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What is a Credit Union?

A credit union is a financial co-operative of individuals with a common affiliation (such as employment, labor union membership or place of residence). Credit unions accept deposits, pay interest (dividends), and provide loans and other services to their members.


What is a Credit Union?

 

    

        

Credit unions are co-operative: It is owned and governed by its members. As a result, it exists solely to provide you with a safe, convenient place to save money, obtain loans at reasonable rates and receive other needed services.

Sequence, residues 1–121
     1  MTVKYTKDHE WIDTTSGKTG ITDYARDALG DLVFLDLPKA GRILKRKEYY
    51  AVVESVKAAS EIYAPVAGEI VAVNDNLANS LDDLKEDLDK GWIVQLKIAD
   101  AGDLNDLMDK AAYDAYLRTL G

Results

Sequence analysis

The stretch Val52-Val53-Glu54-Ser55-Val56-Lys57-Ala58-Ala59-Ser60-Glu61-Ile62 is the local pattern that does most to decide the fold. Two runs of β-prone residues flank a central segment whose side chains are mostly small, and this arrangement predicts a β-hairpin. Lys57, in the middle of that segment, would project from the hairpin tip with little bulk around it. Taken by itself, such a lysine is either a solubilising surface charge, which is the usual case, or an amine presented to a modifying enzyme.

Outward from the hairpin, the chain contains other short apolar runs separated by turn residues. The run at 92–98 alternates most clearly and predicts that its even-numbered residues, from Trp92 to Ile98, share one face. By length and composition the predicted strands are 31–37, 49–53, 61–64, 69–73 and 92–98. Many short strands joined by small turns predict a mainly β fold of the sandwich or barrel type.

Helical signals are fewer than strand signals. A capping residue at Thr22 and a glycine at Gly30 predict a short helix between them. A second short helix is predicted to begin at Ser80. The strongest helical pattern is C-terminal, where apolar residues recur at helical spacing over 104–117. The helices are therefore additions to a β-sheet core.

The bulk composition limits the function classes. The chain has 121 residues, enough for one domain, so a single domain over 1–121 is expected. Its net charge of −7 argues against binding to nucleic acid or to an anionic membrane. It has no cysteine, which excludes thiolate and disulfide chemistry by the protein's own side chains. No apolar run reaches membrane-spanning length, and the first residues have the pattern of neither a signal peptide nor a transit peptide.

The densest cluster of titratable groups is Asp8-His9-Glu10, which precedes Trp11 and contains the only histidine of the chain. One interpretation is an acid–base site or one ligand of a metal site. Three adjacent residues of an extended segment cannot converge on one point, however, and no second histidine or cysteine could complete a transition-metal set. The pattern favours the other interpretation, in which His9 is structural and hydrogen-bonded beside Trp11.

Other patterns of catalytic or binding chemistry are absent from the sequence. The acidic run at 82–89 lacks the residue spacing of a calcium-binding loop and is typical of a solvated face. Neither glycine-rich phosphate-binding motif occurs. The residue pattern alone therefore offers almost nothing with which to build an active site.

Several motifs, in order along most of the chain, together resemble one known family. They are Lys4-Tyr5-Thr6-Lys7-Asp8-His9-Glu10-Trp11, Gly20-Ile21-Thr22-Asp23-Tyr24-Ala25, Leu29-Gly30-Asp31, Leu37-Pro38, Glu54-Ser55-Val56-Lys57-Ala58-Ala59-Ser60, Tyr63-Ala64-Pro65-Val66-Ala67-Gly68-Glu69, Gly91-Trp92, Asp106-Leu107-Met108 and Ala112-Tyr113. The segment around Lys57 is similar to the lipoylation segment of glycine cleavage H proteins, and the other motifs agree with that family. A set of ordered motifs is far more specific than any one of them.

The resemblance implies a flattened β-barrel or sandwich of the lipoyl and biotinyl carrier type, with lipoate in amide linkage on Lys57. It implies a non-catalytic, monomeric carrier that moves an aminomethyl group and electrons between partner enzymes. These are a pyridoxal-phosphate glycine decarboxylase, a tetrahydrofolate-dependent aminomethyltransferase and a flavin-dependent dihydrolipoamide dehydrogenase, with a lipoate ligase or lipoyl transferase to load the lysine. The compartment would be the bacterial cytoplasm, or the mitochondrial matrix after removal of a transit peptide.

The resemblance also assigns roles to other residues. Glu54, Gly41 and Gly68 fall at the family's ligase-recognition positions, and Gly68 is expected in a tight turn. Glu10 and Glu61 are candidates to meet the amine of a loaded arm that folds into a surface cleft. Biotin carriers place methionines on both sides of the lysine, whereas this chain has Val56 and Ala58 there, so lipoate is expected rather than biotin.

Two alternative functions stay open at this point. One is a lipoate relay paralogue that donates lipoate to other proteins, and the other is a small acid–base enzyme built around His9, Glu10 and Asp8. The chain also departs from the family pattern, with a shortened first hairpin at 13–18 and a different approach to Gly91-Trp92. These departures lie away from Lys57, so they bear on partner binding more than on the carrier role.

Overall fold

Credit unions are not-for-profit: All credit unions are owned by members; there are no outside shareholders. Any earnings are returned to members in the form of lower rates on loans and credit cards, more competitive return on savings, low / no fees and value-added services.
 

 

  Credit unions are volunteer driven: A credit union's policy-making board of directors and some of its committees are made up of members who are elected by other members. In other words, as a credit union member, you have a say in how it is run.
 

 

  Credit unions are first in service: Credit unions have consistently ranked higher than banks and other financial institutions in the annual Customer Satisfaction Index report.

The Credit Union Difference